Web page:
As I sat listening to the older, seasoned women in the room talk, I came to the horrifying realization that we were alone. My generation of parents were the pioneers in learning how to parent children in the digital-crazed, media-filled modern day. On most parenting topics, we can turn to people who have been there, done that. Even if the world is a bit different, we can glean wisdom because the basic problems faced are the same.
But the digital world has changed that.
We don’t have previous wisdom to tell us what age is wise to allow a child to get a cell phone. We don’t have data to show the impact of too much social media, or even too little media. I mean, we are living in a digital world; will children be able to grow to be adults who can function in society if they are simply banned from digital media throughout their childhood?
That horrifying realization was about ten years ago. We knew very little then. We could postulate and hypothesize. We did not know for sure, though.
Ten years is a long time, and we now have some evidence of what media is doing to our world. We are starting to have young adults come into society having a hard time interacting face to face; they are used to interacting over things text and SnapChat. Granted not all early 20-somethings are that way, but it is prevalent in society.
The concern goes beyond concern for social skills, however. It goes deeper than that. It goes to concern for moral skills.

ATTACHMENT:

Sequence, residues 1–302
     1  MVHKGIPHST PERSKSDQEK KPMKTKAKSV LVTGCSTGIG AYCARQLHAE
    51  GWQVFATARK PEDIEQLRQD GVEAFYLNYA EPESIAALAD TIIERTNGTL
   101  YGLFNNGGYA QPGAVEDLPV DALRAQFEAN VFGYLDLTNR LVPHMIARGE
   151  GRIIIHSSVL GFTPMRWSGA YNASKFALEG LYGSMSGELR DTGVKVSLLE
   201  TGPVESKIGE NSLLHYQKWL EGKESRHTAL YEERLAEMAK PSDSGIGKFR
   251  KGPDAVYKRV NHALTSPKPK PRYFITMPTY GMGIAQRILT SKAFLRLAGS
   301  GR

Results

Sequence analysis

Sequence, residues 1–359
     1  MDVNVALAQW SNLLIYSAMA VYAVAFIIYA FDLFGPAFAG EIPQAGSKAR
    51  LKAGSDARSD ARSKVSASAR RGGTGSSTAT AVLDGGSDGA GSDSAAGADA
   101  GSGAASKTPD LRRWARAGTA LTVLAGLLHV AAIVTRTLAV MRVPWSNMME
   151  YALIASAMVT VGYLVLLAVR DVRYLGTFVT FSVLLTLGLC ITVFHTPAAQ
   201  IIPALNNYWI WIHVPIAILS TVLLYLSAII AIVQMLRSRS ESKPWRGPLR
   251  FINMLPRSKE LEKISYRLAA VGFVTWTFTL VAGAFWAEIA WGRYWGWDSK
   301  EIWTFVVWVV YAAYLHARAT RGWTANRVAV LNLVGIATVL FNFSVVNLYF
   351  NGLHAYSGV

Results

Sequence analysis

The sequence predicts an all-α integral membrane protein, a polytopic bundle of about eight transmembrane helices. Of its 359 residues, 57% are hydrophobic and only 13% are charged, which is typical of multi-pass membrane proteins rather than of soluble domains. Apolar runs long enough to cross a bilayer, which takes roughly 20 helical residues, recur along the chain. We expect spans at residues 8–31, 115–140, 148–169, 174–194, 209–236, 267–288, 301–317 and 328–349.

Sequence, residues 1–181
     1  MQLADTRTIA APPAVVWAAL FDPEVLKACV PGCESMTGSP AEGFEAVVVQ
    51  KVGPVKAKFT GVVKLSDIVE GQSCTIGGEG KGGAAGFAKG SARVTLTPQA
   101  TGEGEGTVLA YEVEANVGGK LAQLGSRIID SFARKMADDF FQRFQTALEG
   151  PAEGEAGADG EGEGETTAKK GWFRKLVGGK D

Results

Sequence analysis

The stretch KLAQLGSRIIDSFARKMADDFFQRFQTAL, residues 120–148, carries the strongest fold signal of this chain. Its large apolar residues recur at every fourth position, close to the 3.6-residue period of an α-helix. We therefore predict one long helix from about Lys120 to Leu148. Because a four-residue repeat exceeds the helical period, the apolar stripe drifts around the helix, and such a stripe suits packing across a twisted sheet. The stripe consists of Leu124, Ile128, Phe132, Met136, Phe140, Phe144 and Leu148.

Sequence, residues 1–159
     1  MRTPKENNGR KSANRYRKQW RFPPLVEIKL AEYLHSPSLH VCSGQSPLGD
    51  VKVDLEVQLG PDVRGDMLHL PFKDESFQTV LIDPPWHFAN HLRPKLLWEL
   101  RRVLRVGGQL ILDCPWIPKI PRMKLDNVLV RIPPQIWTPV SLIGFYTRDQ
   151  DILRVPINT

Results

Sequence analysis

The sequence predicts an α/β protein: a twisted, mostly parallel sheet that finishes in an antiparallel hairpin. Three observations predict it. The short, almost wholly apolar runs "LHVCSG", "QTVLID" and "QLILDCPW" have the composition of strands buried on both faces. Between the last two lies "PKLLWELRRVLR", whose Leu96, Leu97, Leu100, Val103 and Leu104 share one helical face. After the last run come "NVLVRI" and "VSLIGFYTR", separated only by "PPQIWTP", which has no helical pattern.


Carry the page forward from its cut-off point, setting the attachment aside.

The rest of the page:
When children and teenagers (and even adults!) have the Internet at their fingertips 24 hours a day, they do more than surf and chat with friends. Many times, they chat with strangers and end up in morally compromising situations. Many times, they find themselves caught up in pornography.
So how do we protect our children from this pitfall?
Remember when I said even if the world is different, we can glean wisdom from those who have gone before us? Even in facing the digital unknown, we can apply that principle.
What are some core values we can look to? What can we do with our children even from a young age to help protect them against media pitfalls down the road? How can we possibly manage this without years of wisdom to guide us? Here are some ideas.
1-You are the parent, and therefore in charge
Always keep this in mind. You are the parent, so you are the one in charge. That means you get to set the rules. That means you get to set the limits. That means you get to set the limitations. Keep this in mind from the time your child is young and on up. Your child has one set of parents, but many friends. Do not neglect the parenting role in order to try to fill the friend role. Have the Courage to Be a Parent. See also:
2-Start as you mean to go on